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Myriad Lights - Kingdom of Sand

Myriad Lights
Kingdom of Sand
by Paul Carr at 24 September 2016, 7:07 AM

This is Italian band Myriad Lights’ second album after their debut “Mark of Vengeance. On that album they offered up a mix of classic metal sounds and distinctive power metal. Here, they offer more of the same but embellish their sound with more keyboard and orchestral sounds. The band introduces the album with the moody “Desert Nights.” Atmospheric swirls and distant ethereal keyboard notes give way to urgent orchestral synths and electronics. It’s an intriguing opening before the rush of second song, “Kingdom of Sand.” It’s a power metal stormer, full of distorted guitar and theatrical, soaring vocals from Andrea Di Stefano. Moreover, Francesco Lombardo is able to show off some really adept and impressive classic metal soloing. As a whole, the song pushes and pulls with interesting use of keyboards and a stalking riff during the bridge. Unfortunately, it is also probably the best song on the album.

That is not to say there aren’t other high points here. The band is clearly in thrall to the classic era of metal. There’s are plenty of odes to JUDAS PRIEST, DIAMOND HEAD and there is certainly a touch of Bruce Dickinson's rangy howl on certain songs particularly “Abyssal March.” “The Deep” changes things up with the sounds of chains scraping along the floor over a simple acoustic guitar pattern. The song then launches into an epic metal territory with a riff that comes across like a metal Bond-theme. Unfortunately, the song highlights the limitations of Andrea Di Stefano’s range as there are a few occasions where he over reaches himself. “The Grave Chant” adds an interesting keyboard riff but is let down by some cringe worthy lyrics. There is no excuse for lines like “Now is the time for you to rise” in 2016. It just comes across as a bit depressingly cliché. This is one of the main criticisms of the album as a whole.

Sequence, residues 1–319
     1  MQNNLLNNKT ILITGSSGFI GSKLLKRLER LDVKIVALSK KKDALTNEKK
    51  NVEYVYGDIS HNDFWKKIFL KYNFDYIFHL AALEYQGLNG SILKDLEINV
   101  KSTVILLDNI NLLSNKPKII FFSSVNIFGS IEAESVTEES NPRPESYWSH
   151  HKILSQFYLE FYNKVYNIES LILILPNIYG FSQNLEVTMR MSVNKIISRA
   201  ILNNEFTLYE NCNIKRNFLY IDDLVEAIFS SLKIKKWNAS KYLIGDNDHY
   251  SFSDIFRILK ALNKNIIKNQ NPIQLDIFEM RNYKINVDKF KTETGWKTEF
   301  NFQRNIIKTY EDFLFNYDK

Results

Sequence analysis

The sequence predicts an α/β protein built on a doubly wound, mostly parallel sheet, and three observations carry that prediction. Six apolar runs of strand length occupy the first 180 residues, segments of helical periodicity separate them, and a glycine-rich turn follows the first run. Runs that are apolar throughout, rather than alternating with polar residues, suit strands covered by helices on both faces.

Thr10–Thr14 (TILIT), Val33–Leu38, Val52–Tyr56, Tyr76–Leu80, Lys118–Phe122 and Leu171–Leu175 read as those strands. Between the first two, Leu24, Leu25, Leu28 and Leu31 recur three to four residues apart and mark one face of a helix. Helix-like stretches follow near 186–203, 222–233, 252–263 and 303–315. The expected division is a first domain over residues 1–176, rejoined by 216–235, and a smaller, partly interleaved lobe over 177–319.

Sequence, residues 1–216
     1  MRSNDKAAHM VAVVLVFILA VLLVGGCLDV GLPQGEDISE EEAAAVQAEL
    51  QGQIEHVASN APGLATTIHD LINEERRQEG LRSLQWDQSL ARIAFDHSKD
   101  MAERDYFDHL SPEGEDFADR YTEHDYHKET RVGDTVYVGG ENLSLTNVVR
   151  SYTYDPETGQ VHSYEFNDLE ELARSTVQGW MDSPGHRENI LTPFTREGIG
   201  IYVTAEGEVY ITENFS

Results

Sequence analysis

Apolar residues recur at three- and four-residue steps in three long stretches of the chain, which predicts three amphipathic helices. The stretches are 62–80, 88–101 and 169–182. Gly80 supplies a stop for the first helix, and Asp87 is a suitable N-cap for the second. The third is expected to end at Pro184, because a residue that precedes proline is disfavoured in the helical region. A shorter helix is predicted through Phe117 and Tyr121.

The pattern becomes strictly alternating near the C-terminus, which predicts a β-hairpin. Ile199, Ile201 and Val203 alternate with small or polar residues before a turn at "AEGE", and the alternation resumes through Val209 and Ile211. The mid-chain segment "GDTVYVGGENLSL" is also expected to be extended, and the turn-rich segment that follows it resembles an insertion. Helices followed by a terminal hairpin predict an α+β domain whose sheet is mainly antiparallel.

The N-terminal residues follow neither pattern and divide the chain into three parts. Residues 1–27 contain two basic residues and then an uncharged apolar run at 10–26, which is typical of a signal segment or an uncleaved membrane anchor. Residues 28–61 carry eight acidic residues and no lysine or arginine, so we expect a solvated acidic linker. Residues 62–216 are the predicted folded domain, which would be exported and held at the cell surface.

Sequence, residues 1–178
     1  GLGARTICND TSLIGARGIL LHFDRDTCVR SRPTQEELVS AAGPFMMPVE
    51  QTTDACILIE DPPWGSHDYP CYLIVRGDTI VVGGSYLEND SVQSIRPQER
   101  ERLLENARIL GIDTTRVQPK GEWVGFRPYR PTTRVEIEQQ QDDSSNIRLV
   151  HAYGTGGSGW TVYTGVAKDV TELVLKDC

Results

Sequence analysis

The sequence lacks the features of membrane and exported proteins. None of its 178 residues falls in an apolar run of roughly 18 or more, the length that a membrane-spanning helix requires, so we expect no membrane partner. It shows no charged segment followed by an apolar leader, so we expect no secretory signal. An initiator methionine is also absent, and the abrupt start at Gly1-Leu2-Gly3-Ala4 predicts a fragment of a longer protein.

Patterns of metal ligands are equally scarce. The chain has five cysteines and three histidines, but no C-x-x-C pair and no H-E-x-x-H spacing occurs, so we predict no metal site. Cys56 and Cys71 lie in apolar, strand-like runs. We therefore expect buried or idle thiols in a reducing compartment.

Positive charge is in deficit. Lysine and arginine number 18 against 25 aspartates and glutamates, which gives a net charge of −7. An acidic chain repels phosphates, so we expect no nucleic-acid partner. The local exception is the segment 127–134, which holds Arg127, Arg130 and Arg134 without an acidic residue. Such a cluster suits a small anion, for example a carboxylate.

The album is very much split into two. “0393 Lights” signals the opening of the second side and is a beguiling interlude, featuring some yearning classic guitar playing. It marks a slowing of pace and acts as an aperitif for the grandiose “Mirror”. Here the band aims for a classic rock song in the mould of German 80s heroes Scorpions. They mostly succeed as this song wouldn’t sound out of place sound tracking a club scene in a 80s action movie. “The Waves” is a folky acoustic number. It aims to be a rollicking, nautical tale but comes across as a bit tepid and undercooked. It doesn’t completely sink but could do with more hands on deck to give it a bit more life. Thankfully the loud guitars return in “Deathbringer”. It’s a driving hard rock song with a suitably rousing chorus. Once again though the song is let down by some hackneyed lyrics such as ‘Master of the universe and warlord of the sun’. Overall, this album has plenty of positives. There are sparks of originality but at times it’s classic power metal by numbers. Similarly, there are times when they need to realize their limitations and dial down the theatrics.

Songwriting: 6/10
Originality: 6/10
Memorability: 6/10
Production: 6/10

3 Star Rating

1. Desert Nights
2. Kingdom of Sand
3. Abyssal March
4. The Deep
5. The Grave Chant
6. 039 Lights
7. Mirror
8. The Waves
9. Deathbringer
10. Ascension
Andrea Di Stefano - Vocals
Francesco Lombardo - Guitars
Lele Mr Triton - Keys
Giuseppe Lombardo - Bass
Simone Sgarella - Drums
Record Label: Punishment 18 Records


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Edited 27 March 2023

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